Still he pulled her along, slipping occasionally. He pulled her so that she would know that even at the end he had not wanted to abandon her. He pulled her so that he could satisfy that part of him that naively believed she would survive. He pulled her along at such a great expense of energy for Claire's unborn child whose father was amongst those that they were trying to escape. For the unborn child David had come to think of as his own.
They were so close to New York city that David could see the tips of buildings that were far taller than they had any right to be. It worried him that he saw no lights. That didn't trouble his mind much, though; they were close to salvation. He struggled through the mud and wet leaves. He would've been traveling on the highway, but it was clogged with demolished cars and bodies that were too damaged to rise again. He never noticed that the cars were leaving New York city. It never occurred to him that maybe the city that never slept had finally been laid to rest. He had gone through too much to reach it to allow thoughts such as that. He had banned them from his mind.
"Hang in there with me, Claire," David muttered to his dying girlfriend. Tears and snot were trailing down his face. "We're almost there. Claire? Claire? Answer me, Claire."
Then came a word that was more of an exhalation of air than anything escaped her blue lips. "What?" It was too silent for David to hear, but he didn't want to continue wasting his breath and energy on speech. Speech wouldn't save her. Doctors could, and there just had to be doctors at New York. Claire continued to stare at the black sky so full of clouds that little starlight or moonlight could penetrate them.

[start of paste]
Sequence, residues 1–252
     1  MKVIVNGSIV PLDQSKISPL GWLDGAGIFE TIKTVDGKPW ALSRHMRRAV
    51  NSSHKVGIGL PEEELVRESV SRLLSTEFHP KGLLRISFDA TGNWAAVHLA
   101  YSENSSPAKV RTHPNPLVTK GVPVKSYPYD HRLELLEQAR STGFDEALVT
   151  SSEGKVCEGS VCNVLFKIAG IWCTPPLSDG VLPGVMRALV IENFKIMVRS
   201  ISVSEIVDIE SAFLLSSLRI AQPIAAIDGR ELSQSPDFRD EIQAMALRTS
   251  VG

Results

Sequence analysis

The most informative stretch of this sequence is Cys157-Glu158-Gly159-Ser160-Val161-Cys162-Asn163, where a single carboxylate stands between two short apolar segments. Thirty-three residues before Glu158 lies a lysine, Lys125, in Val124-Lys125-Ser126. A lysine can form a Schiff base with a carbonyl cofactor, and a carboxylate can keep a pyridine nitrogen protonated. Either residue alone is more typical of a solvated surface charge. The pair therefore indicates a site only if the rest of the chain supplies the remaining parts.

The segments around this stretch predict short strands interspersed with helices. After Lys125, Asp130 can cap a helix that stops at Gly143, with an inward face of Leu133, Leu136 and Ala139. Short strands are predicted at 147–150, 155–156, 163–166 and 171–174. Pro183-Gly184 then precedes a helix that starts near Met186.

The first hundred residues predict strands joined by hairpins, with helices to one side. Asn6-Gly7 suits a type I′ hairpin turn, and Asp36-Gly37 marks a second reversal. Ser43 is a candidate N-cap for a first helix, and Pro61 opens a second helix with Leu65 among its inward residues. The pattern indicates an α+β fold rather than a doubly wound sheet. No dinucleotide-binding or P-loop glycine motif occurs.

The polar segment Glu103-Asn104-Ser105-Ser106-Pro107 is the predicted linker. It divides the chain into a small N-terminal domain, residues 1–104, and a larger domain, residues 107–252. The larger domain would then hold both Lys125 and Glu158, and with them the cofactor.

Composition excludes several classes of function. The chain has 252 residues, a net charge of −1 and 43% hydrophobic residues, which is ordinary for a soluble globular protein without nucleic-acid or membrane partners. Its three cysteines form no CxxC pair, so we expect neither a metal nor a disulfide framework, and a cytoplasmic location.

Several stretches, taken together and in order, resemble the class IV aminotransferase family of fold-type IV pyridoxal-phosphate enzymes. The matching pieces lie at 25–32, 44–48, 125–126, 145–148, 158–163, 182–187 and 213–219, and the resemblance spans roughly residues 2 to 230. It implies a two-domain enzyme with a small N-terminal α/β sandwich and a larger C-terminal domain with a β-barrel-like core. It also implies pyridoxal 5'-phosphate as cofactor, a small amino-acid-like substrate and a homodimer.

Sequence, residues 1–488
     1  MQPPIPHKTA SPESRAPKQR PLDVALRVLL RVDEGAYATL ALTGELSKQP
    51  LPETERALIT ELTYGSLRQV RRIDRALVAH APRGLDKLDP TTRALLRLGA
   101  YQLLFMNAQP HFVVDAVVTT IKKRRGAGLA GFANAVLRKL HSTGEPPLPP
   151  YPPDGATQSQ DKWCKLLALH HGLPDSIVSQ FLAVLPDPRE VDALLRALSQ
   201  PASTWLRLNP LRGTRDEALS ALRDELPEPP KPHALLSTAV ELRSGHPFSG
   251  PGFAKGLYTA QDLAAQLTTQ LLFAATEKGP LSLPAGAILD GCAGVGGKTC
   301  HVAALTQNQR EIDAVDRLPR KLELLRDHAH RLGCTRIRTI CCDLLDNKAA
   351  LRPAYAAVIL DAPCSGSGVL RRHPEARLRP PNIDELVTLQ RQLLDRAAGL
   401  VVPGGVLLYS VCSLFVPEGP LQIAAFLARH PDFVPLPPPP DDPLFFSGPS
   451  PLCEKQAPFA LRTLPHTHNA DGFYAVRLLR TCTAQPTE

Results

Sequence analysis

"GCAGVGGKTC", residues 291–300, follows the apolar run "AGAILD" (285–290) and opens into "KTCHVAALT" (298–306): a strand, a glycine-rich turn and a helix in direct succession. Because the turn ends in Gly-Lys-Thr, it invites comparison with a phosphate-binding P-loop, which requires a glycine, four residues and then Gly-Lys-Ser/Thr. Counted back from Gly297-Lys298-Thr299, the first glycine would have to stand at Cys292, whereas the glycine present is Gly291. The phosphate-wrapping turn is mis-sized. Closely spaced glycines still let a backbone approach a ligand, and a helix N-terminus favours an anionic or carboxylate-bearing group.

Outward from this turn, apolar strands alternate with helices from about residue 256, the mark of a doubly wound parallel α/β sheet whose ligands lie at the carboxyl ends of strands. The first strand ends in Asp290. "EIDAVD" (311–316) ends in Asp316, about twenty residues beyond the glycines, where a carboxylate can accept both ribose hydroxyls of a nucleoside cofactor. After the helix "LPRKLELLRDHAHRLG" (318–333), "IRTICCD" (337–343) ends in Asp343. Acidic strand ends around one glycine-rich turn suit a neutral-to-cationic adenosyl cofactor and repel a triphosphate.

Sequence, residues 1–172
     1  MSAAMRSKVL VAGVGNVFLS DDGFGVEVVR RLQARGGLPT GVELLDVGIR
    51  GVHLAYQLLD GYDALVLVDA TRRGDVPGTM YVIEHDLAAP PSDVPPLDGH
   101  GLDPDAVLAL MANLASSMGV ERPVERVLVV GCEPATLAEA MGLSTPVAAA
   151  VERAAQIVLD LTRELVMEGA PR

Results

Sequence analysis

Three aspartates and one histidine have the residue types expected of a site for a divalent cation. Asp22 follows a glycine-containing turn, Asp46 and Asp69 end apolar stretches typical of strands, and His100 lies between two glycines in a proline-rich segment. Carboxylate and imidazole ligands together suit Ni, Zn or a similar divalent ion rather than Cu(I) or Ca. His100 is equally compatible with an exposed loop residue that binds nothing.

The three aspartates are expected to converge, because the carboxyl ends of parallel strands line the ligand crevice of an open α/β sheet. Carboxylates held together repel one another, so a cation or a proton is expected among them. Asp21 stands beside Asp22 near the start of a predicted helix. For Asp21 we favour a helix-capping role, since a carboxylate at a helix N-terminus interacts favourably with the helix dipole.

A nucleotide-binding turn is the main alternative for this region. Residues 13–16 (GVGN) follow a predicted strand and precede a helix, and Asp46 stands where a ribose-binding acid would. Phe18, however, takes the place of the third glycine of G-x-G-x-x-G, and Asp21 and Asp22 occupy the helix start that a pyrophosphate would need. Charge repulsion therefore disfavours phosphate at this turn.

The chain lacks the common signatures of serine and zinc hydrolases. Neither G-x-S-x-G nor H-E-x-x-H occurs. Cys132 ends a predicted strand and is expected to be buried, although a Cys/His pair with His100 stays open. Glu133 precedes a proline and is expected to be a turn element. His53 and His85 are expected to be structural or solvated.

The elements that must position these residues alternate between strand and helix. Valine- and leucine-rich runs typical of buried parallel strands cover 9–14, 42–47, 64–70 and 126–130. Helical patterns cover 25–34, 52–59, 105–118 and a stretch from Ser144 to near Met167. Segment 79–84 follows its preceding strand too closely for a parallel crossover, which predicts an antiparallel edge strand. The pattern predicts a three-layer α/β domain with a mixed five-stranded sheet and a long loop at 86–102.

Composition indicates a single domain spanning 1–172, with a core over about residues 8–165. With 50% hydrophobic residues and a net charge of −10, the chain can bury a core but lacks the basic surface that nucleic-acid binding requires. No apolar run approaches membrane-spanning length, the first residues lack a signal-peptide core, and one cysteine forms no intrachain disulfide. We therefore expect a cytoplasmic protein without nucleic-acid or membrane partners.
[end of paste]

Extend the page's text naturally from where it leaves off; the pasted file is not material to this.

Soon after Claire uttered her last word David found a spot from which the entire northern portion of New York city could be seen. He dropped to his knees, ignoring the bitter coldness and wetness that spread up his legs.
It was a dead place, and the unholy shrieks of the undead could be heard. New York had been conquered by the zombies.
"FUCK YOU FUCKING PIECE OF SHIT MOTHER FUCKERS!" David screamed and tried too quickly to get to his feet. He fell face-first into the mud and screamed his rage into air bubbles before popping up for air. He hadn't realized just how much screaming that one sentence had taken out of him. He rolled on to his back and began to sob like an infant. His vocal cords were too strained for him to even chance whispering, so he just sobbed and sobbed some more.
There was no salvation. There was no promise land. There was no Utopia. There was only death for him, his love, and the bastard child he would've treated as his own had he only been given the chance.